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Three Types of Practice


The better you practice, the better you perform. This is why I like to give advice on how to practice better. For today’s post, I want to talk about three types of practice:

  1. One-on-one teaching
  2. Repetitive training
  3. Game simulation

The first type of practice is what I call “one-on-one teaching.”  This is where where you slow practice down and focus on the small details of the fundamentals. This is the type of practice you need to correct flaws in your technique and raise your game to the next level from a technical standpoint. As the name implies, “one-on-one teaching” usually requires a coach that gives you specific and immediate feedback and instructions, however, sometimes athletes are able to coach themselves while working on their fundamentals. 

The second type of practice, which I’m calling “repetitive training,” is pretty self-explanatory. This is where you complete many repetitions in order to increase your muscle memory and master your skills. However, this doesn’t mean just mindlessly repeating the same drills over and over again. To get the most out of this kind of training, you need to push yourself out of your comfort zone, physically and mentally. This is where is helps to speed things up and make your drills more challenging. It also greatly helps to receive feedback from a coach so you can learn from your mistakes and improve your skills.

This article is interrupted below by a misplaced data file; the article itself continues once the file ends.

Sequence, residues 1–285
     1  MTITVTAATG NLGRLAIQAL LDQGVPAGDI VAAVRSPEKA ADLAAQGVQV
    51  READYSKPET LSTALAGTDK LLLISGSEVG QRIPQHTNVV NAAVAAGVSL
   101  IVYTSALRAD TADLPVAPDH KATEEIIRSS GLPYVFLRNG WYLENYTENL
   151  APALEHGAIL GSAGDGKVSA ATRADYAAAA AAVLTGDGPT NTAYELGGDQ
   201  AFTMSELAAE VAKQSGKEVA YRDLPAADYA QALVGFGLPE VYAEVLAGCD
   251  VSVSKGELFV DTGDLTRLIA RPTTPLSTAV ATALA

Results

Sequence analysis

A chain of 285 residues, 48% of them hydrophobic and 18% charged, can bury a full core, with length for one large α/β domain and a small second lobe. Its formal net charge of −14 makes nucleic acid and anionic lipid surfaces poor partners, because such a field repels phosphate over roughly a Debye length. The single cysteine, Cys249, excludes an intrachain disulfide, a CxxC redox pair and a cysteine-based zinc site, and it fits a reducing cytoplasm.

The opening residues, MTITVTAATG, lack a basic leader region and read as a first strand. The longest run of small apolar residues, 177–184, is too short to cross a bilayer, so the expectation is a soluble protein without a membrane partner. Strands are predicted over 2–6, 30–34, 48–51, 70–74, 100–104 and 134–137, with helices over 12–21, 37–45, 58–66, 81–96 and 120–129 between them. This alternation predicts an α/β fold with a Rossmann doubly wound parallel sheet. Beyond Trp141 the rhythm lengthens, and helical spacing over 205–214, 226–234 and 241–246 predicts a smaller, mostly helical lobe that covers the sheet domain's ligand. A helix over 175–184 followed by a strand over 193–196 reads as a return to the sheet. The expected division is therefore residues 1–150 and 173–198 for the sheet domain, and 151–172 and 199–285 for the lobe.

Lastly, the most advanced form of practice is what I call “game simulation.” It doesn’t matter how well you learn and master your skills in practice if you can’t apply them in real games. In order to transfer what you learn in practice to games, you need to simulate game conditions in practice. This means you need to make parts of your practice more realistic to games. Here are four ways to make your practices more realistic:

  1. Practice the actual skills that you use in games.
  2. Practice actually playing the game (scrimmages).
  3. Practice at game speed and intensity.
  4. Practice under pressure.

One of the best ways to simulate games is to do situational drills, where you practice specific situations that you face in games. This is a very efficient way to practice since it’s much less time consuming than playing an entire scrimmage. 

Overall, the more realistic you make your drills and scrimmages, the better you’ll perform in games. However, just because game simulation is the most advanced type of practice doesn’t mean it should be the only way to practice. Each type of practice has its pros and cons, therefore each one is needed to maximize the development of athletes. There’s a time to work on the fundamentals. There’s a time to train repetitively. And there’s a time to simulate game conditions. The best coaches and athletes know how to properly balance these three types of practice. I personally believe that coaches should dedicate roughly 33% of practice time to each one of these types of practice. However, these numbers can of course be adjusted depending on the specifics of the situation.



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